Toby's Little Eden by John E Flannery
|Toby's Little Eden by John E Flannery|
|Category: Short Stories|
|Reviewer: Sue Magee|
|Summary: A debut collection of stories which shows considerable promise. Further editing work is needed but this is easily achieved.|
|Buy? Maybe||Borrow? Yes|
|Pages: 326||Date: August 2010|
|Publisher: John Flannery Press|
John E Flannery's debut collection contains four short stories (although one is more of a novella) and a series of amusing sketches about the ground staff at a new Golf Course in north Manchester. They're more varied than they might appear at first glance and demonstrate Flannery's ability to get straight to the heart of the story without wasting words and to develop character as economically as possible, whilst still holding the reader's imagination. I knew as soon as I began The Ghostwriter that I wasn't going to be disappointed as a man who has written successful thrillers is possessed by the spirit of Charles Dickens. It's a neat riff on John Braine's idea that novelists wait for an idea to descend on them and Graham Greene's belief that novelists are like mediums.
Something to Do is the novella. We stay with writing as a theme as Graham Randall, an ordinary man, decides that he wants to become a writer. As the story opens we know that he's inured to rejection by publishers and that his fortunes are not going to improve. His obsession with an old flame isn't going to help either situation. The titular story, Toby's Little Eden is perhaps the best of the collection and features a healthy young man who is happy to be isolated in his garden in north London – until a young housekeeper arrives on the scene. His mother wanted to shake him out of his attitudes, but will she perhaps regret the method she's used?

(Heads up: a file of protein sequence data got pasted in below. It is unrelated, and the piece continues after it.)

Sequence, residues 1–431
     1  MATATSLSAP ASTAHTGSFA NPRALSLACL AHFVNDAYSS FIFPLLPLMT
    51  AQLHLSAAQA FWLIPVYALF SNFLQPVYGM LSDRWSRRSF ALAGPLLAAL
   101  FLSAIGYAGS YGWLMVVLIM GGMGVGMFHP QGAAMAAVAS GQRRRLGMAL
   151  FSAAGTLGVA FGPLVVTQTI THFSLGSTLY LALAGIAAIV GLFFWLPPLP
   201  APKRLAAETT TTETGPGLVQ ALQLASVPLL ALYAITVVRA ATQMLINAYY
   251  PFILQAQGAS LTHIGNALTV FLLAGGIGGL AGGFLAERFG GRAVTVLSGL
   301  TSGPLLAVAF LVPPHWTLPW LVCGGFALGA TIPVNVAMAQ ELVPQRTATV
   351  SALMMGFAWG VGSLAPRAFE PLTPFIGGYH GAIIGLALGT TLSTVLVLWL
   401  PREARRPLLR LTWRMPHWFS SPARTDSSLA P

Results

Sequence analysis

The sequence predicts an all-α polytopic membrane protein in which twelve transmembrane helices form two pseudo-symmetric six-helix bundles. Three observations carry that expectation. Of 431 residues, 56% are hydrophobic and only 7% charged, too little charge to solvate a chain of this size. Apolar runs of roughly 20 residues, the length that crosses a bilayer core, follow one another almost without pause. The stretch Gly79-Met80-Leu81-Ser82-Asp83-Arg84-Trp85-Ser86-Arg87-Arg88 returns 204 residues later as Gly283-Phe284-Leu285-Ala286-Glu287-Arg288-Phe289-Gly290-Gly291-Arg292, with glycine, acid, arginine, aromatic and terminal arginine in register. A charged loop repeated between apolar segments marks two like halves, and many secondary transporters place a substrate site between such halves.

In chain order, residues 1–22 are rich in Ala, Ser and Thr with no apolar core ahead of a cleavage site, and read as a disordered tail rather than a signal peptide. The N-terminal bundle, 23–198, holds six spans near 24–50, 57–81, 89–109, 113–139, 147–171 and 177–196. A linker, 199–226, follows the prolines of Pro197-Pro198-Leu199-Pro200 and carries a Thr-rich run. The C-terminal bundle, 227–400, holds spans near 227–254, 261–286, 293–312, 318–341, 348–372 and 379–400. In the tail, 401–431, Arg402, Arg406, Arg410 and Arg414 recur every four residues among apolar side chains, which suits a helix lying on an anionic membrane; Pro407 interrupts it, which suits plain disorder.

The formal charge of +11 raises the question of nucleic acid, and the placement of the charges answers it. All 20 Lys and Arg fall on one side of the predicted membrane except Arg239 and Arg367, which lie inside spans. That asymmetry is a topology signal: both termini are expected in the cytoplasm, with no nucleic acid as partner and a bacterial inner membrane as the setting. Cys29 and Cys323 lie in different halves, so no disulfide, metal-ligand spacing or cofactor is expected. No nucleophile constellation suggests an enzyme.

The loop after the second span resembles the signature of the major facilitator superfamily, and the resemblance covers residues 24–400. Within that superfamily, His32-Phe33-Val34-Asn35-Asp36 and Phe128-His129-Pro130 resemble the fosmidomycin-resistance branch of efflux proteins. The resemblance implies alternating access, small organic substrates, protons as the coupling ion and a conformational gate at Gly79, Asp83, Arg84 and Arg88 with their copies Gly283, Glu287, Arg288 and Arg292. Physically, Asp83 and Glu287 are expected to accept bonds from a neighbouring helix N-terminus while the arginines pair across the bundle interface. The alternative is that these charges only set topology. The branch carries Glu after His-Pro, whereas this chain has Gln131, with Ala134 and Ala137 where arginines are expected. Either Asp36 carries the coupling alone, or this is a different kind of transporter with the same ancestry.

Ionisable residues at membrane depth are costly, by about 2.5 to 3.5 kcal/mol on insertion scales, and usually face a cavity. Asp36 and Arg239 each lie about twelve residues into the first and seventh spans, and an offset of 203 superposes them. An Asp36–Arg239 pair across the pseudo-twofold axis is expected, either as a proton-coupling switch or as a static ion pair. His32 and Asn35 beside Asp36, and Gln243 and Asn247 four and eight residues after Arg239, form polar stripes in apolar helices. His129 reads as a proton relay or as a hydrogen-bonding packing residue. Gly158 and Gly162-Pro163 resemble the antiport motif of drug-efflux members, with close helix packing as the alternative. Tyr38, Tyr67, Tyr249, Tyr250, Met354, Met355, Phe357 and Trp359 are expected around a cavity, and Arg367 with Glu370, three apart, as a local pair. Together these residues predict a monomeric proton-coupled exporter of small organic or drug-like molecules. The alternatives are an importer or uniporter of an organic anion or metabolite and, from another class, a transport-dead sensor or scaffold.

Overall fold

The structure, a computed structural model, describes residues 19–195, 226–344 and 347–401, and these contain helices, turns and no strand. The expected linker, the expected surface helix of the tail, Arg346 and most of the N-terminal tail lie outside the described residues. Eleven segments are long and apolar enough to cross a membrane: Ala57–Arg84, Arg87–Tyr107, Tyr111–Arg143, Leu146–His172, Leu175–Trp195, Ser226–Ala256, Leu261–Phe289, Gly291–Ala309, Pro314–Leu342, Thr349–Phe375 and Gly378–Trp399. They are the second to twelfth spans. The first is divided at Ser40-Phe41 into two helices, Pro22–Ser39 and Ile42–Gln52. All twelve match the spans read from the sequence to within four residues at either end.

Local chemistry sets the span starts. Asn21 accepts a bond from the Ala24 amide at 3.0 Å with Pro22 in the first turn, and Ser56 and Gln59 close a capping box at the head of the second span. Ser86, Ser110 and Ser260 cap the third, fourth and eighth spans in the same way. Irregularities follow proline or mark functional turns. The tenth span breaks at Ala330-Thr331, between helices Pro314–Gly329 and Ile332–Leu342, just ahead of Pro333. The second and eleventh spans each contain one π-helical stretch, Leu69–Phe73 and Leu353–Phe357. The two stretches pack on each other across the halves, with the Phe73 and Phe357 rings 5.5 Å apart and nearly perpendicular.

My favourite story is Found Wanting. It's something of a shock to Bob when he finds that his wife has a history as a prostitute – well, she'd have called herself an escort girl – but when money is tight and he tires of working in a petrol filling station he tries to nudge her back into the work, but has she already been thinking along those lines herself? Bob and Theresa are two characters who come straight off the page and there's no problem in working out which one you'd prefer to meet.
The sketches of the ground staff at the golf club were well-pitched (no pun intended) and captures the atmosphere of a golf club perfectly. There were several occasions when I laughed out loud and there was at least a wry smile for each story, but I was left with the feeling that, good as the material was, it could have been better used in a wider-ranging story.
There's a lot of promise in this debut collection. It's let down by inadequate editing which would have corrected the numerous grammatical problems and the occasional over-use of literary devices. These are relatively minor points which can be corrected and we hope that we'll see more from John Flannery in the future.
We'd like to thank the publisher for sending a copy to the Bookbag.
If this book appeals then you might enjoy The Vernham Chronicles by John Saunders.
You can read more book reviews or buy Toby's Little Eden by John E Flannery at Amazon.co.uk
You can read more book reviews or buy Toby's Little Eden by John E Flannery at Amazon.com.
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